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'The hierarchy of caste is not about feelings or morality. It is about power - which groups have it and which do not'
Beyond race or class, our lives are defined by a powerful, unspoken system of divisions. In Caste, Pulitzer Prize-winning author Isabel Wilkerson gives an astounding portrait of this hidden phenomenon. Linking America, India and Nazi Germany, Wilkerson reveals how our world has been shaped by caste - and how its rigid, arbitrary hierarchies still divide us today.
With clear-sighted rigour, Wilkerson unearths the eight pillars that connect caste systems across civilizations, and demonstrates how our own era of intensifying conflict and upheaval has arisen as a consequence of caste. Weaving in stories of real people, she shows how its insidious undertow emerges every day; she documents its surprising health costs; and she explores its effects on culture and politics. Finally, Wilkerson points forward to the ways we can - and must - move beyond its artificial divisions, towards our common humanity.
Beautifully written and deeply original, Caste is an eye-opening examination of what lies beneath the surface of ordinary lives. No one can afford to ignore the moral clarity of its insights, or its urgent call for a freer, fairer world.
© Isabel Wilkerson 2020 (P) Penguin Audio 2020
Magnificent. Profound. Eye-opening. Sobering. Hopeful.
Extraordinary ... an instant American classic and almost certainly the keynote nonfiction book of the American century thus far ... It made the back of my neck prickle from its first pages, and that feeling never went away. Wilkerson has written a closely-argued book that largely avoids the word "racism," yet stares it down with more humanity and rigor than nearly all but a few books in our literature. It's a book that seeks to shatter a paralysis of will. It's a book that changes the weather inside a reader.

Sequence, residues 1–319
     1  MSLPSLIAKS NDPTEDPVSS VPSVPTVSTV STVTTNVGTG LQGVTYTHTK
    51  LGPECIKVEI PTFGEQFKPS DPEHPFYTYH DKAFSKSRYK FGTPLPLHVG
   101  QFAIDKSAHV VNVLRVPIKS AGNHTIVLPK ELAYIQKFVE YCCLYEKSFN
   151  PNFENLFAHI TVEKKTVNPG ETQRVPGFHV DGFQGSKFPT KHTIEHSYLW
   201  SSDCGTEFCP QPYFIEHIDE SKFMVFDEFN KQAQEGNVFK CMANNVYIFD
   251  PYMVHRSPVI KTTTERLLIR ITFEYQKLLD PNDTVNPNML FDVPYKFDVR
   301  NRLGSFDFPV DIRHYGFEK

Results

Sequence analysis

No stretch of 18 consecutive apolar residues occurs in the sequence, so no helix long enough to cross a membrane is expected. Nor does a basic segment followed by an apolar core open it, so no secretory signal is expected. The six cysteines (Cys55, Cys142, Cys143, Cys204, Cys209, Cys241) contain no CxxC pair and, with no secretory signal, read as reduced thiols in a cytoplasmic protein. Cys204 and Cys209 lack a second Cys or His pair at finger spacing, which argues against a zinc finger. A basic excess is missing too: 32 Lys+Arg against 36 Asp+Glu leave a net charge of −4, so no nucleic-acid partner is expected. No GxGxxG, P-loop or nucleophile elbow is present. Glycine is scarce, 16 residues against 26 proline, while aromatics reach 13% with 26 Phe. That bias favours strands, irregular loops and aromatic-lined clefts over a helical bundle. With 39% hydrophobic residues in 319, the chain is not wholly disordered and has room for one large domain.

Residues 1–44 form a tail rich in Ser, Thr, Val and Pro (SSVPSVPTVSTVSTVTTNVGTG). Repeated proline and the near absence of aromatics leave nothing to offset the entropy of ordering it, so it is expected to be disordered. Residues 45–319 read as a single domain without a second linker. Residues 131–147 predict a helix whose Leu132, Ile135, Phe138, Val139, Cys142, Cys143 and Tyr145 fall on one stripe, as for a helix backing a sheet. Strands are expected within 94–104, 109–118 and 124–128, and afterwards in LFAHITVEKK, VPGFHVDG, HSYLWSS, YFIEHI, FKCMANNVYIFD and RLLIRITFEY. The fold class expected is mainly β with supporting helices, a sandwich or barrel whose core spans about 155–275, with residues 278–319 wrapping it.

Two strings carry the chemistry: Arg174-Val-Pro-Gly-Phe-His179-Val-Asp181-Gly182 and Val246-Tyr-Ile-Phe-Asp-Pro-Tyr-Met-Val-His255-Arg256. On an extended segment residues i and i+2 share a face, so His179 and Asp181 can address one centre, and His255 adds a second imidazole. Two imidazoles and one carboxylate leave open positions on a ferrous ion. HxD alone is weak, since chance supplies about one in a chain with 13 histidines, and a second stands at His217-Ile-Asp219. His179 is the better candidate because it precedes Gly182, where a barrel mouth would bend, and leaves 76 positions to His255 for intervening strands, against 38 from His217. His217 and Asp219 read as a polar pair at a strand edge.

Surprising and arresting... the idea of caste challenges fundamental notions of America as a meritocratic society ... Wilkerson's epilogue feels like a prayer for a country in pain, offering new directions through prophetic new language
Persuasive and unsettling ... beneath the veneer of meritocratic idealism lie deeper layers of the American psyche where white supremacy still reigns. But the case Wilkerson puts forward is inspiring and hopeful ... caste can be dismantled, setting everyone free.
Isabel Wilkerson's Caste is probably the most important piece of non-fiction published this year.
An expansive interrogation of racism, institutionalised inequality and injustice ... This is an American reckoning and so it should be. Wilkerson activates history in her pages, bringing all its horror and possibility to light. It is a painfully resonant book and could not have come at a more urgent time.
Important and timely ... America does not merely have a problem with "race", but it is also haunted by the ugly issue of caste, a set of embedded practices that presume it is natural - and correct - to divide humans into different groups and keep them in a hierarchy. ... If repudiation of past assumptions is the first step towards healing, Wilkerson's book offers a powerful frame for this. It is essential reading for anybody who feels angry, guilty or threatened by the tangled issue of "race" in America today.
There is a deeper and more intractable system that hides behind the chimera of race, and that system is properly called American caste ... Wilkerson's book is a powerful, illuminating and heartfelt account of how hierarchy reproduces itself, as well as a call to action for the difficult work of undoing it.
Magnificent . . . a trailblazing work on the birth of inequality . . . Caste offers a forward-facing vision. Bursting with insight and love, this book may well help save us
Wilkerson's genius as a writer is her ability to tell you the big story of what happened, but to make that story matter by linking it to the lives of those who survived it. That is, to me, her unique contribution: what in the hands of another writer would feel like an abstraction attains, in her work, the vividness and emotional power of lived experience.